Bark beetle pipetraps with funnels in spruce clearcut in Värmland. Each black plastic pipe has 900 holes (about 3 mm diameter) for beetles (Ips typographus and Pityogenes chalcographus) to crawl through after landing. Other beetles strike the pipe and fall down into the white funnel. Trees surrounding the clearcut are all Norway spruce (Picea abies). Pipetraps containing aggregation pheromone baits are often used to mass trap bark beetles. Both the male and the female are attracted by the pheromone (which is a mixture of two volatile chemicals, methyl butenol and cis-verbenol, in the case of I. typographus; and chalcogran and methyl decadienoate in the case of P. chalcographus). Pipetraps are also useful to study the behavior of these beetles in response to host tree volatiles (a volatile is a chemical that evaporates rapidly like pentane or alcohol). Also, the responses of beetles to "inhibitors" can be tested (inhibitors are chemicals that the beetle tries to avoid, even if presented with the aggregation pheromone). Verbenone is an inhibitor of attraction in many bark beetles such as Tomicus piniperda.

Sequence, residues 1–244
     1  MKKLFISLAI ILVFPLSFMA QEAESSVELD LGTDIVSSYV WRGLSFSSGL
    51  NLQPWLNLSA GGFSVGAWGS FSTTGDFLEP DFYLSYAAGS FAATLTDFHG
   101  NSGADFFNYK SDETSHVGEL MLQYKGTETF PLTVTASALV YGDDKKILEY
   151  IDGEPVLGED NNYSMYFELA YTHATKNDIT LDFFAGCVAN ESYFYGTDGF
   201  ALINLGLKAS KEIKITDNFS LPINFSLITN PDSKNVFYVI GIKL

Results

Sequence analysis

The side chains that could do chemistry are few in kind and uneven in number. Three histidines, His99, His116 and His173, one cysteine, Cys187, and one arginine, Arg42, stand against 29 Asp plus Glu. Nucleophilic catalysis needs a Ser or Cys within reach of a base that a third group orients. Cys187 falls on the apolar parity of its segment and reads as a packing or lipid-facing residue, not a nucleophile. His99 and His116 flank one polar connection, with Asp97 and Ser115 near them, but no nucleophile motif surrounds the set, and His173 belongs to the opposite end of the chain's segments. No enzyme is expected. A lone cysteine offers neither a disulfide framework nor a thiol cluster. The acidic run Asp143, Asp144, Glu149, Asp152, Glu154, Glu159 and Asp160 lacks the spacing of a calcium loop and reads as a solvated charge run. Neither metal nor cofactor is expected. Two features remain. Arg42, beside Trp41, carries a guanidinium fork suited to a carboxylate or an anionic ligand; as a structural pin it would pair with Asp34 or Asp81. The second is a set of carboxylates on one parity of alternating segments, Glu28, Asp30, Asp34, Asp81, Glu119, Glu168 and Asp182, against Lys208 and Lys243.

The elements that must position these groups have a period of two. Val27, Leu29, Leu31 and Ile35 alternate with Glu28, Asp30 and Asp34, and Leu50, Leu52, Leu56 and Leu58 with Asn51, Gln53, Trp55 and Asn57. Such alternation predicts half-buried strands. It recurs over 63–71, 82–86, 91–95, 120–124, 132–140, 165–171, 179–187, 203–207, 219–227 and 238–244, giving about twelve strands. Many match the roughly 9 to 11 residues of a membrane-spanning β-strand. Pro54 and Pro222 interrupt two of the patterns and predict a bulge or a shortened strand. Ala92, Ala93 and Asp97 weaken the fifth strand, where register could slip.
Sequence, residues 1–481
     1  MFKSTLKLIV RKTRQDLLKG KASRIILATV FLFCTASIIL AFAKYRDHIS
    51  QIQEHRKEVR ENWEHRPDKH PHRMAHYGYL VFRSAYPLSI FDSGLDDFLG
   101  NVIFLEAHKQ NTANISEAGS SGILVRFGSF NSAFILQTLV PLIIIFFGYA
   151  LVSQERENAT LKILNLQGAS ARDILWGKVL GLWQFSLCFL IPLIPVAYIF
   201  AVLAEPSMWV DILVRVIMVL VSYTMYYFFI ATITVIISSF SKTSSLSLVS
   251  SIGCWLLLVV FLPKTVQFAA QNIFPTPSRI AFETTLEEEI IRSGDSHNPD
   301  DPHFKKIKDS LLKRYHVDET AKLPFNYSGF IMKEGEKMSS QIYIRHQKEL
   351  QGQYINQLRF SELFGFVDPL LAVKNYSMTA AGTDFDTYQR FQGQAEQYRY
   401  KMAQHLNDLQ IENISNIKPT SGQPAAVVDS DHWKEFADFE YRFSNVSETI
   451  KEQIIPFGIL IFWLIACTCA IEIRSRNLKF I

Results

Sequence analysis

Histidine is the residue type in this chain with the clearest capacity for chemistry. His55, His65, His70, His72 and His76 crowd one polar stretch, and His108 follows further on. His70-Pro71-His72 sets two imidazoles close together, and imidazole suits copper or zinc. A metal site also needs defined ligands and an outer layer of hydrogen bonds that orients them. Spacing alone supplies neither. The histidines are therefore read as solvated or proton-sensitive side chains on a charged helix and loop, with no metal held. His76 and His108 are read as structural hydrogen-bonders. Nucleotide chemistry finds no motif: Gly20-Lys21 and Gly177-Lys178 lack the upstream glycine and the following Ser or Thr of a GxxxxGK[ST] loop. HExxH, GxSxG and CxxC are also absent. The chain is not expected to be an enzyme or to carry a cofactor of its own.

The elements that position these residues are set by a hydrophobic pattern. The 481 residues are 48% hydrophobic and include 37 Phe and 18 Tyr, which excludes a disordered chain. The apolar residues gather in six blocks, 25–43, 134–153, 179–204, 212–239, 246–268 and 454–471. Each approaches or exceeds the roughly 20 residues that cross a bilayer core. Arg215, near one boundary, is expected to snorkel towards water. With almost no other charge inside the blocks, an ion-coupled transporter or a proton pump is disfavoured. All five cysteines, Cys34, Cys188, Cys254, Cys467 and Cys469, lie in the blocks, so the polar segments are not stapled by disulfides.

Images © 1996 by John A. Byers, Chemical Ecology.